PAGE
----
Alexandra Forever is inspired by the mythological Roman goddess, but in this graphic novel she’s been transported into the far future. The character’s origins aren’t explored so we don’t know to what extent she’s supposed to be extrapolated from the myth. Instead, from the first few pages, we’re pulled straight into the action. What we do find out is that she’s smart, sassy, quick-witted, backed up by a telepathic ‘coven’ of female intelligence operatives, and several thousand years old (though she doesn’t look a day over twenty-five).
What makes the book stand out, however, is its smart, snappy dialogue. Alexandra’s cocky bravado is countered by the self-deprecating charm of her enemies. Her behind-the-scenes team have a resigned patience with her, not helped by the fact that her boss, Terra, manifests as a five-year-old girl, deeply reminiscent of Neil Gaiman’s archetypal Delirium from Neil Gaiman’s Sandman comics.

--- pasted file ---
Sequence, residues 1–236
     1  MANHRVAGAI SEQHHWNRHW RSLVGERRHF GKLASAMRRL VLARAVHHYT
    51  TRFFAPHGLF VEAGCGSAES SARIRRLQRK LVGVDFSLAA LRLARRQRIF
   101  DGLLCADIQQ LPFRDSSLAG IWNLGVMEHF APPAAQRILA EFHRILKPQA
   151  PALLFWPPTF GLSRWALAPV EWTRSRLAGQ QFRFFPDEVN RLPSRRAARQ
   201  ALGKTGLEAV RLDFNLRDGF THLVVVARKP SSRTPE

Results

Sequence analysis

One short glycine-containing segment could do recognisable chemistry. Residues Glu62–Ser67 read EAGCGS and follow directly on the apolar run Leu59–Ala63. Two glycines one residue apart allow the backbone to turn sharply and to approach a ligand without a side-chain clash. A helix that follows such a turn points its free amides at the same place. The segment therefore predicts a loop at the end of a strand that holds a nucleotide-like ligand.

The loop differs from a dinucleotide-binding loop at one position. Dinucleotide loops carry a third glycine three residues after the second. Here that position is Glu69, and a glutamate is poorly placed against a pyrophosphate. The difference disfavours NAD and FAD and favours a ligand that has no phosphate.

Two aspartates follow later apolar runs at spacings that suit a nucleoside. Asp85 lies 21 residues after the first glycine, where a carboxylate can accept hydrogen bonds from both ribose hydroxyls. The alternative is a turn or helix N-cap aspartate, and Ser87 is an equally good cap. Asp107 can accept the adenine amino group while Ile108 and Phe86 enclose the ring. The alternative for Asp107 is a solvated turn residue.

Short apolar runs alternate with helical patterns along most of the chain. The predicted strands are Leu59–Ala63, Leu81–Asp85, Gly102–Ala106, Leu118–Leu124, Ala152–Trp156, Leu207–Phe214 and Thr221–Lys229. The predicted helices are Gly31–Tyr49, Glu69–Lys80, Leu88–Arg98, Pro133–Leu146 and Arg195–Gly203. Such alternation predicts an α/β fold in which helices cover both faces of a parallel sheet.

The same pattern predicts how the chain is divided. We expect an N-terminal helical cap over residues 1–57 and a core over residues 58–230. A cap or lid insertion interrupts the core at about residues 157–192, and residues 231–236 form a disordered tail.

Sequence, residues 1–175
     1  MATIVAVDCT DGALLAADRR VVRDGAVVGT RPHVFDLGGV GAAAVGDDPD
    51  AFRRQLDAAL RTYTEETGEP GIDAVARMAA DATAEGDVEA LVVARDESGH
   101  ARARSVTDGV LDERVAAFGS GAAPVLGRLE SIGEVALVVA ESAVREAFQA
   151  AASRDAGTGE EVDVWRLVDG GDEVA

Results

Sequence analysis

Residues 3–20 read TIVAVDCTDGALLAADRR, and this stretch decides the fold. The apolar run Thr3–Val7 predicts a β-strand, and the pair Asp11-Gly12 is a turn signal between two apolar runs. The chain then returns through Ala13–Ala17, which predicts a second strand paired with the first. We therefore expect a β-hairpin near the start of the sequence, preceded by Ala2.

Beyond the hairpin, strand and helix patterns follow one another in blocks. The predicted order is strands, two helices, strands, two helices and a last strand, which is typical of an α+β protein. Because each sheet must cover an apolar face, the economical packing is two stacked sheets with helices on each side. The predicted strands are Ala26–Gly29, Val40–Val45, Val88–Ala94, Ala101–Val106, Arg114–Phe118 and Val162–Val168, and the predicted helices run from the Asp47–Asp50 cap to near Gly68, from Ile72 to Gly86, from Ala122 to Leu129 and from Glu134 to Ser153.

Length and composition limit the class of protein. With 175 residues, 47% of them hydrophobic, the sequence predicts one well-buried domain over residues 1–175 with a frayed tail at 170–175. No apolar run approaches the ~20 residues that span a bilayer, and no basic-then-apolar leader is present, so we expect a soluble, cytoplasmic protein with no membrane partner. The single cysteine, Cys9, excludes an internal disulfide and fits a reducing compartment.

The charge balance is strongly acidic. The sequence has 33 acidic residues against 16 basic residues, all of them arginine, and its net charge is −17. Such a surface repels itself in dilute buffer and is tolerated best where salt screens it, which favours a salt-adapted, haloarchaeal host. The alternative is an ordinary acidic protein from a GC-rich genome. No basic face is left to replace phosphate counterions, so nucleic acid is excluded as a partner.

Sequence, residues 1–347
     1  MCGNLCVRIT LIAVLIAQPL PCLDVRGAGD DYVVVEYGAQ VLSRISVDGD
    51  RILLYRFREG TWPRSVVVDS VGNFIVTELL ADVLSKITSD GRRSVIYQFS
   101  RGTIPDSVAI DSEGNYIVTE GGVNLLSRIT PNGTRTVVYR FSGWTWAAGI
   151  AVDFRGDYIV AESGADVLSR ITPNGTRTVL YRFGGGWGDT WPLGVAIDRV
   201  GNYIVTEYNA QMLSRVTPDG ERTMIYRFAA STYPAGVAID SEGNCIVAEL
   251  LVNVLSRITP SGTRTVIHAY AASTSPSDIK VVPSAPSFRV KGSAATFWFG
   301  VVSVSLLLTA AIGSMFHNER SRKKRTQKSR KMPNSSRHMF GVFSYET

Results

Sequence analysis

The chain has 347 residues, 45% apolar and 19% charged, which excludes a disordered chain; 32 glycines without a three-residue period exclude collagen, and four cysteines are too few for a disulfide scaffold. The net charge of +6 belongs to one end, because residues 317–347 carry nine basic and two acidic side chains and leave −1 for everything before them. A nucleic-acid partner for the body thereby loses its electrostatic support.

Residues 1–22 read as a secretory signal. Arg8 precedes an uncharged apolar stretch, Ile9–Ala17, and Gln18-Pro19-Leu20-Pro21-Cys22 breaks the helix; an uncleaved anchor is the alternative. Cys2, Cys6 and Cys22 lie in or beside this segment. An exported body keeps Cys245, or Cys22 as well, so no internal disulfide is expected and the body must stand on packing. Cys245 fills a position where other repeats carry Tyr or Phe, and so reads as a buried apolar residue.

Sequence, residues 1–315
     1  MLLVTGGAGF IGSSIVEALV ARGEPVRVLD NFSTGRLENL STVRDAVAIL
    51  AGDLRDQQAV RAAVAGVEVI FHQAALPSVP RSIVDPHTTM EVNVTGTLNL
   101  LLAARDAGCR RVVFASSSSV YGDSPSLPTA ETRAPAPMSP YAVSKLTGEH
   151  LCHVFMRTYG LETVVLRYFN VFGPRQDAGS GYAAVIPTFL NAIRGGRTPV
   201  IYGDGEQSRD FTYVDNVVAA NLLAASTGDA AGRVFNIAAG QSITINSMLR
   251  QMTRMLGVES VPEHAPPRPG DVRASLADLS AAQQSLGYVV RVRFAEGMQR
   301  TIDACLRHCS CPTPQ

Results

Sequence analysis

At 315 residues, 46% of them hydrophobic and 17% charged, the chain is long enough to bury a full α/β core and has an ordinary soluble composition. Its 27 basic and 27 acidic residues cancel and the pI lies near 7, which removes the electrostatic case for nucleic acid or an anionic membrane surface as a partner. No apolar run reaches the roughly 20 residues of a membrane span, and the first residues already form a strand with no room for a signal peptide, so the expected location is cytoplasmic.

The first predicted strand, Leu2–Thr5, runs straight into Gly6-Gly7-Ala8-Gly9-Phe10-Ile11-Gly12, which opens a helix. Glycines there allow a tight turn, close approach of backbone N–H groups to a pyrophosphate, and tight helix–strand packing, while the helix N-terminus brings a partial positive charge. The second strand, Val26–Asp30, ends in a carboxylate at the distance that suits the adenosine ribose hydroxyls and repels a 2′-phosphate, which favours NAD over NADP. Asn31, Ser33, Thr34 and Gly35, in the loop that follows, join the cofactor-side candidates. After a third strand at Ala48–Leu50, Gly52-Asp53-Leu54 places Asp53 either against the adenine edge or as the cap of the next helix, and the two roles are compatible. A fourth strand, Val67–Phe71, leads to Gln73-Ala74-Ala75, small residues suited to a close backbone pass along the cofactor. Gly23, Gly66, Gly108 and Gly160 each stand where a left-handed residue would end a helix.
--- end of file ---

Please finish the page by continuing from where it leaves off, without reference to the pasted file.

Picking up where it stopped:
It’s not just the dialogue that makes this book worth reading. Behind the witty conversations there’s a vast plot unravelling, and beyond that, some serious sci-fi universe-building (with loose ties into mythology for a little extra fun).
The illustration isn’t as hard working as the writing, though. It’s full of style and character but occasionally falls down on technicalities: an overly contorted face or slight oddness to a character’s figure. Also, by the end of the book, we’ve broken off into a more standard action finalé, which is a tad disappointing. However, the journey is well worthwhile and we’ll definitely line up in the queue for more.
Buy from: www.alexandraforever.com